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### An Odd bit of Math

December10

ODD and EVEN NUMBERS. The Pythagoreans knew of the distinction between odd and even numbers. The Pythagoreans used the term gnomon for the odd number.

A fragment of Philolaus (c. 425 B. C.) says that “numbers are of two special kinds, odd and even, with a third, even-odd, arising from a mixture of the two.” [I know that sounds odd]

Euclid, Book 7, definition 6 says:An even number is that which is divisible into two parts.”

So the ancient Greeks had a word for “odd” that was the word they used for this kind of shape: An “odd” number is one that makes that shape (with a bit sticking out) when you try to arrange it in two rows:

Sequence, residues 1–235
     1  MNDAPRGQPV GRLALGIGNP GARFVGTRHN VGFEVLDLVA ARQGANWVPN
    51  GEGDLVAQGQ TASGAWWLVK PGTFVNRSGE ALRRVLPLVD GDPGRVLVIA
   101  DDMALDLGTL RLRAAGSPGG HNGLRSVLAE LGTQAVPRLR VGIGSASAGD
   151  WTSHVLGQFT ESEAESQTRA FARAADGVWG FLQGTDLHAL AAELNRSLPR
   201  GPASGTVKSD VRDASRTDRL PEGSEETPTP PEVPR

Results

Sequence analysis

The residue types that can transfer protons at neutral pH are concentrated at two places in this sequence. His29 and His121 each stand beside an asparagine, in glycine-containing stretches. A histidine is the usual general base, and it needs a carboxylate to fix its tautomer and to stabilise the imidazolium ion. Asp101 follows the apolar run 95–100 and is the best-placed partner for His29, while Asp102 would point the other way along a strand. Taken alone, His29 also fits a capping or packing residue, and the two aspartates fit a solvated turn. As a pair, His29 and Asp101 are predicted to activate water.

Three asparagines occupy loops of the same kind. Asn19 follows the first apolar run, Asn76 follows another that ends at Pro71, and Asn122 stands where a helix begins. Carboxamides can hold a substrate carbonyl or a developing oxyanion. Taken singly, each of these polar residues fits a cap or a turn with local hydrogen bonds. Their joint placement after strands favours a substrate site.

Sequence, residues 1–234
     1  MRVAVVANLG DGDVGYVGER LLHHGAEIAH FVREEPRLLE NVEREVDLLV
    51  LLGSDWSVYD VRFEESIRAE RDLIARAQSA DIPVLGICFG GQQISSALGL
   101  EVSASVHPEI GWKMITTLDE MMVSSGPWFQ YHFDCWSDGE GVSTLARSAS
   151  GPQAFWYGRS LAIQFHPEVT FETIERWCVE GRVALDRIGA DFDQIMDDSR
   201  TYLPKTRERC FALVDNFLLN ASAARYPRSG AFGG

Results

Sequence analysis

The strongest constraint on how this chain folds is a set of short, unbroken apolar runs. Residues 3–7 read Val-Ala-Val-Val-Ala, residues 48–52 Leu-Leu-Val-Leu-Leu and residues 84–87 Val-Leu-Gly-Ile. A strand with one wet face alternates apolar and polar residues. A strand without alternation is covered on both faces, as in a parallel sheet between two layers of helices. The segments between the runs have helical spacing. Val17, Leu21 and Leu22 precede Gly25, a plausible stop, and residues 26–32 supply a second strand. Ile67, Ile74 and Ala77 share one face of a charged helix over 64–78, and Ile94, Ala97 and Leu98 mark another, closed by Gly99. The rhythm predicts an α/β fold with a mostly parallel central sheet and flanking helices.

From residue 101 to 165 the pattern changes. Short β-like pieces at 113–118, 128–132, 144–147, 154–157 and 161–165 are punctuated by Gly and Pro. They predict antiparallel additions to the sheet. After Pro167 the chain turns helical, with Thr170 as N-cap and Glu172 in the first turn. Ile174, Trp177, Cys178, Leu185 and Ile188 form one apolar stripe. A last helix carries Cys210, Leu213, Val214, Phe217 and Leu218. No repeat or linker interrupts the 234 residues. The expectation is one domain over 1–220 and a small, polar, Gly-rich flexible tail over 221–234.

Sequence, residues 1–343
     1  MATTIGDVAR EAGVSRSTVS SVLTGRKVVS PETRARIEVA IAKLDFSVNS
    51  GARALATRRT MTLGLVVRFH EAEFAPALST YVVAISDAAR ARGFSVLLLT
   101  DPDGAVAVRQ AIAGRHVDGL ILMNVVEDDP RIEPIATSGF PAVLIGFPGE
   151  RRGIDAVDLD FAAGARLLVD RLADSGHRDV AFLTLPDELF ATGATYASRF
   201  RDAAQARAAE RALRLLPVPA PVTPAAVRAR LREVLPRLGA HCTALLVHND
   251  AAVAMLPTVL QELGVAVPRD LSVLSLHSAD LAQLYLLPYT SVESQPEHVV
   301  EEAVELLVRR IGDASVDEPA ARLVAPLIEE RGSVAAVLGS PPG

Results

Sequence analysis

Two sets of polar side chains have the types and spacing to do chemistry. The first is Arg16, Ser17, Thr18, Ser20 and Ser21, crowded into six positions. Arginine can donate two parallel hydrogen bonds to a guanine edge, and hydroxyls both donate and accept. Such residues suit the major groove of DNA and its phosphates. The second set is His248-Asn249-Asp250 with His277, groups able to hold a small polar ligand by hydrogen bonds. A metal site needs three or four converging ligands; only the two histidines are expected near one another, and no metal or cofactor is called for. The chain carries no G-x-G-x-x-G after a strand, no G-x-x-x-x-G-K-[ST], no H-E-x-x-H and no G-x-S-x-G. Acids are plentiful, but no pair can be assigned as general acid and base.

o o o o
o o o

There is an “odd” object left over that doesn’t line up. An even
number makes an “even” rectangle:

o o o o
o o o o

You can see in the quotation above that the words “odd” and “even” were used of numbers in English by the 1400’s; the words were used in other ways earlier. [from Mathword here]

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